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Word apparently hasn’t reached Sweden that the big bands are dead, as you’ll seldom hear livelier or more colorful music than on Paradise Lost, written and arranged by young lion Magnus Lindgren and expertly performed by the fabulous Swedish Radio Jazz Group for an understandably appreciative audience at Stockholm’s Jazzclub Fasching. Lindgren, who’s not yet thirty, must be a quick study; his songs and arrangements are consistently breathtaking, embodying the sort of depth and ingenuity that one usually associates with far more seasoned craftsmen. Lindgren wrote all the charts and every song but one, tenor saxophonist Karl–Martin Almqvist’s “Mourning Dove,” a tribute to the memory of trumpeter Anders Garstedt who died of cancer in April 200 at age thirty–one. Lindgren also solos, on tenor sax and flute, but leaves ample room for those in the SRJG to brandish their chops, which they do with great alacrity. The concert opens, appropriately enough, with the muscular title selection, featuring alto saxophonist Per Johansson with Lindgren on flute. The percussive “Desert Room,” which follows, again places Lindgren’s flute in front of brass and reeds, leading to forceful statements by pianist Daniel Karlsson and tenor Jonas Kullhammar and fiery exchanges between drummer Jonas Holgersson and percussionist Alfredo Chacon. Lindgren’s smooth, expressive tenor is featured with Matthias Algotsson’s piano on the lovely ballad “Red House,” and with bassist Fredrik Jonsson, trombonist Peter Dahlgren and baritone Alberto Pinton on the deeply grooved “Rocklunda.” Almqvist’s “Mourning Dove” (on which he frames a wonderful solo) is followed by the charming waltz “Buho” (Spanish for “night owl”), on which Lindgren’s clarinet states the melody and he, pianist Algotsson and trumpeter Peter Asplund are the soloists. The buoyant “Fågel Blå,” with snappy ad–libs by Asplund, alto Johan Hörlén, Lindgren on tenor, Karlsson on Fender Rhodes and drummer Holgersson, is based on the changes to “Bye Bye Blackbird,” whose well–known melody peeks through from time to time. Trumpeter Magnus Broo is showcased on another ballad, “The River,” before Lindgren and the ensemble exit swinging with “One for Bob,” a variation on George Gershwin’s “I Got Rhythm” that parallels the compositional style of one of the young Swede’s mentors, American saxophonist Bob Mintzer. Lindgren’s tenor introduces a heated eight–bar “chase” that features tenor Almqvist, altos Johansson and Hörlén, tenor Kullhammar and baritone Pinton, in that order. After some meticulous blowing by brass and reeds, pianist Algotsson and drummer Holgersson grab the wheel and steer the vessel safely into port. And after hearing the concert, my thoughts were the same as those conveyed by Lindgren in his thank–you note: “Let’s do it again as soon as possible!”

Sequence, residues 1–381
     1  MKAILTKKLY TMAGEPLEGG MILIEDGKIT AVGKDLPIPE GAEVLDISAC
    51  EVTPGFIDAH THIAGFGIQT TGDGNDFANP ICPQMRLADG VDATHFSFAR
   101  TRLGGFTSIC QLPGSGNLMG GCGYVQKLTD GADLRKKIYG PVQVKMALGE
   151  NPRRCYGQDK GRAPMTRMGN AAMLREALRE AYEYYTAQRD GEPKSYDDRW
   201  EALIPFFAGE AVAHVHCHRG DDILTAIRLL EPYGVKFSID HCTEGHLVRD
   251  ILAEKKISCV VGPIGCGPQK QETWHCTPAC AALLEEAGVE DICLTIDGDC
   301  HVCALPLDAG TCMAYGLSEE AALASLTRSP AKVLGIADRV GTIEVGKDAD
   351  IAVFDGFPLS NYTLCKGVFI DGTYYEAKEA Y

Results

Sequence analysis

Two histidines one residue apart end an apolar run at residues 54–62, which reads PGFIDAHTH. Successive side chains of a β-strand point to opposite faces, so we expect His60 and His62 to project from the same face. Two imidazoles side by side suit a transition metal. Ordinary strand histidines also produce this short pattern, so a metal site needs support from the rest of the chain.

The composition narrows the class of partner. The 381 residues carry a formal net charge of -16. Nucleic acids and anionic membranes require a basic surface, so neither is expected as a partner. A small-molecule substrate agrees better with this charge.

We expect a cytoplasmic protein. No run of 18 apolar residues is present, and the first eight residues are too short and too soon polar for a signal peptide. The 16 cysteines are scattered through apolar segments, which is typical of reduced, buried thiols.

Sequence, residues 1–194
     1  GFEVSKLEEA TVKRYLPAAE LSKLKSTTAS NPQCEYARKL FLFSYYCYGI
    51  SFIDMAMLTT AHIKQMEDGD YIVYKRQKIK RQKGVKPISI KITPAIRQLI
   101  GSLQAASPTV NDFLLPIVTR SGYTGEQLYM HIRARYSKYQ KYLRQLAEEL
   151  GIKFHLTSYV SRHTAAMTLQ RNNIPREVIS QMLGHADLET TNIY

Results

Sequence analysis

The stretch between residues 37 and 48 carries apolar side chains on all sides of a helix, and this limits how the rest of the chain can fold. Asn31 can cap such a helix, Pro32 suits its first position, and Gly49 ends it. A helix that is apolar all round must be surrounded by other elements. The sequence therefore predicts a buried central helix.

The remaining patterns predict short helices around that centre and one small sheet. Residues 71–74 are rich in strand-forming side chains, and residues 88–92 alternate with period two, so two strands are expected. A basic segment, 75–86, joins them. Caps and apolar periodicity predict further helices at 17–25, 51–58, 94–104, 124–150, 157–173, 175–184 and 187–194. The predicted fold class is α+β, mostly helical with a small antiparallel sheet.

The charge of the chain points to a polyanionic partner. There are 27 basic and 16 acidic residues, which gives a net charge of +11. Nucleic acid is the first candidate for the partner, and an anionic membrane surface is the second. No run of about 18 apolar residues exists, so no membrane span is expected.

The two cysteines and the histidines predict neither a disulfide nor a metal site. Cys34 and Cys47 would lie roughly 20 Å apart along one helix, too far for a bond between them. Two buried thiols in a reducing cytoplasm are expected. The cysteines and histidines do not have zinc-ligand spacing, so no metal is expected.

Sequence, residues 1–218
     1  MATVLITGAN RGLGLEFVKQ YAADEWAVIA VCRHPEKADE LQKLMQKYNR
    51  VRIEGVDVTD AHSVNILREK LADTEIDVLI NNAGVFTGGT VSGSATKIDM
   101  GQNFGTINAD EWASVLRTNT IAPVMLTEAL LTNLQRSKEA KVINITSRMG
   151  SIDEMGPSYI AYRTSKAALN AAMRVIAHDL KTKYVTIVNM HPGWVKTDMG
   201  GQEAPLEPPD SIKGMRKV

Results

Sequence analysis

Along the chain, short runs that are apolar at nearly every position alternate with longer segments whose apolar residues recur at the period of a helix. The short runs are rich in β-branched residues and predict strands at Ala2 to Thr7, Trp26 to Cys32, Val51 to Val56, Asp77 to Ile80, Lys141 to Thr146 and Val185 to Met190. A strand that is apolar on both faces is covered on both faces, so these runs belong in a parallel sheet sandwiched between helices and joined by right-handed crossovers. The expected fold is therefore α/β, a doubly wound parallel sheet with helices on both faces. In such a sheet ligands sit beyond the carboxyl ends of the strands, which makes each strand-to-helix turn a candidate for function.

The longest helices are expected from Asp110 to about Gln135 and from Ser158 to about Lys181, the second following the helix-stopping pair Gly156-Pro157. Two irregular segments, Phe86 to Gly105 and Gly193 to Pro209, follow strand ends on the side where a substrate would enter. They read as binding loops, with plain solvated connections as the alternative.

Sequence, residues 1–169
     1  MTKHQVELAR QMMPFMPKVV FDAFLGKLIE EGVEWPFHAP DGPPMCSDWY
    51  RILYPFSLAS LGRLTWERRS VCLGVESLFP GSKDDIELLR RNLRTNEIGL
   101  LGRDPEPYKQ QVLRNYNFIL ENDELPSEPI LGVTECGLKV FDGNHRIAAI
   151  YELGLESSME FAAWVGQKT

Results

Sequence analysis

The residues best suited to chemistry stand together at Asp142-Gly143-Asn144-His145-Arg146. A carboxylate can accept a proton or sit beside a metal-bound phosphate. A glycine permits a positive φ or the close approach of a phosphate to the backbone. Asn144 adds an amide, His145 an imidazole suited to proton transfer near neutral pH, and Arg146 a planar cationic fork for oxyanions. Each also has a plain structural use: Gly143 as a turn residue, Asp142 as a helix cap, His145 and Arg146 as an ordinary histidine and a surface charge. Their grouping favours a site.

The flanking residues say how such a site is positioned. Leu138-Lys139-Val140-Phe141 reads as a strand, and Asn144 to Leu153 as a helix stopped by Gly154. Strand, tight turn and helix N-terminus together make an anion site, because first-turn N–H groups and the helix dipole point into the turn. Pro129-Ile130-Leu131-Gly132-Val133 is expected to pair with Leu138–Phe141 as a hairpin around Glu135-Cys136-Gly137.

Contact: STIM / Svensk Musik (Swedish Music Center), Box 27327, SE–102 54, Stockholm, Sweden. Phone +46 8 783 88 00. E–mail firstname.lastname@example.org; web site, www.mic.stim.se
Track Listing: Paradise Open; Desert Room; Red House; Rocklunda; Mourning Dove; Buho; F
Personnel: Magnus Lindgren, tenor sax, flute, clarinet, music director, composer, arranger; Patrik Skogh, Magnus Thorell, Magnus Broo, Peter Asplund, trumpet, flugelhorn; Magnus Svedberg, Karin Hammar, Peter Dahlgren, Mattis Cederberg, trombone; Johan H
I was first exposed to jazz as a middle school band student. A college ensemble passed through and put on a concert for the band students (of which I was one). The level of mastery and musicianship blew me away, intimidated, and inspired me
I was first exposed to jazz as a middle school band student. A college ensemble passed through and put on a concert for the band students (of which I was one). The level of mastery and musicianship blew me away, intimidated, and inspired me. Try as I might, I was never able to achieve a high enough level of competency to perform at the level I was first and subsequently exposed to. Regardless, I was hooked on jazz and remain so to this day.